Now, throw in a cut to budgets that is almost certainly on its way, following a Brexit vote, and you have brands wanting to do more with less, or at least feeling they need to be able to measure their spend against a meaningful metric. Enter stage right negotiations I only just realised were taking place but could revolutionise viewability, and for the better.
I've been talking with Meetrics -- the ad fraud, viewability and brand safety tech vendor -- about what they do and in the conversation it emerged that they are heavily involved in industry-wide talks to get viewability raised to a more meaningful standard. The talks, it transpires, are being coordinated by IAB Europe. Now this could be old news to some, particularly for those involved, but for me it was a surprise and it's coming at a perfect time.
There are no concrete plans at the moment, but there a couple of very interesting points.
My sources tell me that five seconds -- rather than one -- is gaining traction as the time limit and there are moves afoot to significantly increase half of an ads pixels to a number nearer, or even equal to, 100%. So there's a possibility we could see a new standard emerge of most, if not all, of an ad being visible for five seconds to be deemed viewable.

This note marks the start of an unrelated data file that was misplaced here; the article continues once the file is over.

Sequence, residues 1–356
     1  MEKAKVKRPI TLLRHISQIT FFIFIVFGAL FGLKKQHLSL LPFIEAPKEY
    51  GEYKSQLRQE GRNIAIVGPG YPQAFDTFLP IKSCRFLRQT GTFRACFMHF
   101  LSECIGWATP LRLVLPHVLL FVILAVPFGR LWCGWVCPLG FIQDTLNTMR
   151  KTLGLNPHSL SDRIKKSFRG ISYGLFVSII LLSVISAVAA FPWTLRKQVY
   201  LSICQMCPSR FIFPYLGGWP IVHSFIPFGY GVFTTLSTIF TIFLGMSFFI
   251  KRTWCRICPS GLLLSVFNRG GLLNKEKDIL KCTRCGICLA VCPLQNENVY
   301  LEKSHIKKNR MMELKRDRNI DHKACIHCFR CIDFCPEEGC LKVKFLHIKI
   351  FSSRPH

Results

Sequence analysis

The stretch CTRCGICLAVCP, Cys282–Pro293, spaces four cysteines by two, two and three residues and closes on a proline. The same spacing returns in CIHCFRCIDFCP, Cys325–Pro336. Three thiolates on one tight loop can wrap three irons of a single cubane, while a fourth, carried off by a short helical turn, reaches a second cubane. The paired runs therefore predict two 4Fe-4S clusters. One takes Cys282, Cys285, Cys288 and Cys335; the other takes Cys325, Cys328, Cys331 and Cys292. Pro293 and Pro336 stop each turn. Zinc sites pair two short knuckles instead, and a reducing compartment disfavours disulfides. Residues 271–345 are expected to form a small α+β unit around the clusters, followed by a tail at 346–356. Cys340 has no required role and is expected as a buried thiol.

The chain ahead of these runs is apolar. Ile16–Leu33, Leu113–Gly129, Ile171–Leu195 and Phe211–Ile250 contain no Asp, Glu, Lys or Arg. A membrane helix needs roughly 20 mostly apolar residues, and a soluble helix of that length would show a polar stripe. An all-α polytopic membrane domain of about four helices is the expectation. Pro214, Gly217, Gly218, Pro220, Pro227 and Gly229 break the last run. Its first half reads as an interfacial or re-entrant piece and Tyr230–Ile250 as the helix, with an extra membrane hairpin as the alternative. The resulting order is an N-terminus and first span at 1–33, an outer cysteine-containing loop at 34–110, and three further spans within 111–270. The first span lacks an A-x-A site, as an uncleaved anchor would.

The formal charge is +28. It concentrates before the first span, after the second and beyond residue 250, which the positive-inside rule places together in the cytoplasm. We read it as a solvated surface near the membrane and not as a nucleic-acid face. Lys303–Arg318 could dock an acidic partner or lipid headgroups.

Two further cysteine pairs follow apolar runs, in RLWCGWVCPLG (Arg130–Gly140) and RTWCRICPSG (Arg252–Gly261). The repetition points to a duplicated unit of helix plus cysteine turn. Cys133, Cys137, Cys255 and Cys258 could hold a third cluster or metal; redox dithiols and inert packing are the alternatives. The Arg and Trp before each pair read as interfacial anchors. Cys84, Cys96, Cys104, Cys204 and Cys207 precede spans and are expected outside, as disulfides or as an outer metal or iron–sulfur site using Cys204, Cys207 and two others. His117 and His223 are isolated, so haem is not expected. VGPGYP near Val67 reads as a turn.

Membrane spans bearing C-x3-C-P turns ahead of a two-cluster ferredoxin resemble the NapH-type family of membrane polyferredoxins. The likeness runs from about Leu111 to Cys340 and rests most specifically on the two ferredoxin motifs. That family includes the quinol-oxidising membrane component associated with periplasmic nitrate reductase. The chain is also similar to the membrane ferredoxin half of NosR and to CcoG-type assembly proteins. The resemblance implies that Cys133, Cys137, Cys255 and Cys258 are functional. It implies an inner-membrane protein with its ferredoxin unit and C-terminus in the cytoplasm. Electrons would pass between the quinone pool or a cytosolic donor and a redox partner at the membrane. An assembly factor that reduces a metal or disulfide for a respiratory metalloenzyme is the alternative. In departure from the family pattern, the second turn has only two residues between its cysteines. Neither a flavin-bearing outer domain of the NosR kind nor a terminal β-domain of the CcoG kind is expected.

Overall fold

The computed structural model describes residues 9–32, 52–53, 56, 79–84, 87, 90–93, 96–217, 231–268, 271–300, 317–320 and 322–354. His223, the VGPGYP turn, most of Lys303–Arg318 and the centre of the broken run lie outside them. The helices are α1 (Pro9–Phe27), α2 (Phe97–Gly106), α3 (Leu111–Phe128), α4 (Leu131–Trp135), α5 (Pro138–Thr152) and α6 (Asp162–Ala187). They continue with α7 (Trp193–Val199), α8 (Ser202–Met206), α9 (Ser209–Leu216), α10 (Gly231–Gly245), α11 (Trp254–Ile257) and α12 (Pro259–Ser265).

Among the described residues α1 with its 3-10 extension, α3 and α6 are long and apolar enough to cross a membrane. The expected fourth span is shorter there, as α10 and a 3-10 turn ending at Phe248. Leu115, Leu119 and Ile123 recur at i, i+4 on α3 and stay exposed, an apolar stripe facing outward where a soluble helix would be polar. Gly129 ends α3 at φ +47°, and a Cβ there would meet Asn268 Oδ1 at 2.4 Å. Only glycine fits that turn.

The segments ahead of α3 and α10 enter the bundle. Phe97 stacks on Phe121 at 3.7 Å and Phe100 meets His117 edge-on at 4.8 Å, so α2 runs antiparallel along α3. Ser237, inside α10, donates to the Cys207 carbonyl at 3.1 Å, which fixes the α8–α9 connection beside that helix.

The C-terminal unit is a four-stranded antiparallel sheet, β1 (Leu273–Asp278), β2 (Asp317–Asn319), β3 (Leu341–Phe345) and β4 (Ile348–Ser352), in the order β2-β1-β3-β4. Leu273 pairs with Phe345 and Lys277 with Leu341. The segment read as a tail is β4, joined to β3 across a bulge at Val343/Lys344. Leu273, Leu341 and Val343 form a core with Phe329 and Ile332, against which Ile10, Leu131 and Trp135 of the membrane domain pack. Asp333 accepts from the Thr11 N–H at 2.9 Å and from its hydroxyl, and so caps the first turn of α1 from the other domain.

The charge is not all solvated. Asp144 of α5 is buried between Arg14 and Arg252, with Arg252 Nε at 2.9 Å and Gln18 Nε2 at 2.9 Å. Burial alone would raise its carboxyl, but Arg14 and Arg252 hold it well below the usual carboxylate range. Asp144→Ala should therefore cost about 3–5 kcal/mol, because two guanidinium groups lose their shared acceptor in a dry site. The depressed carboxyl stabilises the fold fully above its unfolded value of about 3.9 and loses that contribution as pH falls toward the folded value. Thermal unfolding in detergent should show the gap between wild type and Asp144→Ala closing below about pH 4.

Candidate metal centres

Interestingly, there is also talk of IAB Europe offering a second metric of effectiveness. Beyond being visible, this second figure could potentially offer a time for how long the ad was viewable, so it can be decided whether or not it has been effective. It could lead to the one-second rule not only being ripped up, but replaced by effectiveness metrics that go way beyond what we have today.
The guys at Meetrics are pretty up front about progress, saying that the one second and 50% pixel rule was only ever going to be a starting point for further discussion to reach a guideline that makes more sense and that IAB Europe is keen to have the new metric born within the EU, so that Europe is taking a lead. It's rather ironic, then, that the viewability metrics UK brands use to maximise the effectiveness of their reduced ad spend, thanks to Britain voting to leave the EU, could well come from a revised standard devised from within the EU. A parting "Bon Voyage" gift, you might want to call it.